Policy and campaigns
People with migraine have been overlooked for too long
We want all politicians and policy makers to understand the true impact of migraine on peoples’ lives, and to take action to improve care across the UK.
This is why we campaign to improve care, support and awareness for people with migraine. We are making progress, but we have a long way to go.
What do we do?
- Research the issues faced by people with migraine, and what needs to change, to improve migraine care
- Promote good practice in migraine care with healthcare leaders
- Build relationships with cross-party politicians across the UK, and senior health policy makers
Everything just takes so long. Waiting lists are huge and there aren’t enough doctors or hospitals with appointments or even clinics. I’ve been referred from hospital to hospital and seen so much different people. With migraine you have to try so many different things to try and find something that works, it means you just end up waiting and waiting
Join us by contacting your local politician or representative
Find out about opportunities to get involved and use your voice to help us create change
What change are we asking for?
- For all GPs to have up-to-date training on migraine care and the latest treatments
- Access to community migraine/headache specialist clinics for everyone who needs specialist care
- Equitable access to treatments for all eligible patients
- Greater understanding in society about the impact of migraine and an end to stigma
- Migraine-friendly workplaces and schools as the norm.
With a general election due in 2024, this is a critical year to raise the voice and visibility of people with migraine.
Timeline of action
On the heels of Westminster and Scotland, our next event in the Welsh Parliament sponsored by Mark Isherwood MS sought to introduce 18 local migraine representatives to politicians in the country
A further patients’ event we organised in the Scottish Parliament involved a roundtable where patient representatives met several MSPs including Jackson Carlaw MSP, who lives with chronic migraine, and the Scottish Minister for Public Health and Women’s Health, Jenni Minto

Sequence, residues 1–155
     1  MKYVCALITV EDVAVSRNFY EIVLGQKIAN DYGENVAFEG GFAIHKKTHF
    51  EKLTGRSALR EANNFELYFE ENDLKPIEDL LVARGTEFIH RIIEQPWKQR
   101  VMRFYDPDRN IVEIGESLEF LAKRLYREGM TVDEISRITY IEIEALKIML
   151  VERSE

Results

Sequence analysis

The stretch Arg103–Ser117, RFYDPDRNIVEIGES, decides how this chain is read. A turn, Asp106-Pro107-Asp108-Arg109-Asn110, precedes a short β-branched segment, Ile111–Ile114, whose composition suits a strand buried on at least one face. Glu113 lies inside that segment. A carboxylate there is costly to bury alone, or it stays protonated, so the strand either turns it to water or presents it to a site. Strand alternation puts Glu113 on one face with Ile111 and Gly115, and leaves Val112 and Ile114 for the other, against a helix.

We held a reception in Westminster that brought politicians together with 30 patient representatives living with migraine to hear their stories and about how they often have to fight to get the right treatment
Members of the House of Lords debated the impact of migraine and its treatment on people in work
Our latest report ‘Heading in the wrong direction: Challenges in migraine care and why people with migraine deserve better’ noted rising waiting times in the NHS and called for a national drive to improve migraine care, and over 60 politicians showed their support for Migraine Awareness Week
Read the report: Heading in the wrong direction – The Migraine Trust
Our research on migraine at work found that over a third of people have experienced discrimination at work because of their migraines and 25% had had to leave a job altogether
We launched toolkits in all four parliaments of the UK to help politicians and their members of staff to support constituents and colleagues impacted by migraine
We shone a light on how the 1 in 10 children and young people living with migraine are impacted at school and in their day-to-day lives, drawing on experiences from them, parents and carers, and educators
We used Freedom of Information data to uncover the landscape of migraine care in the NHS and found inconsistencies in access to approved treatments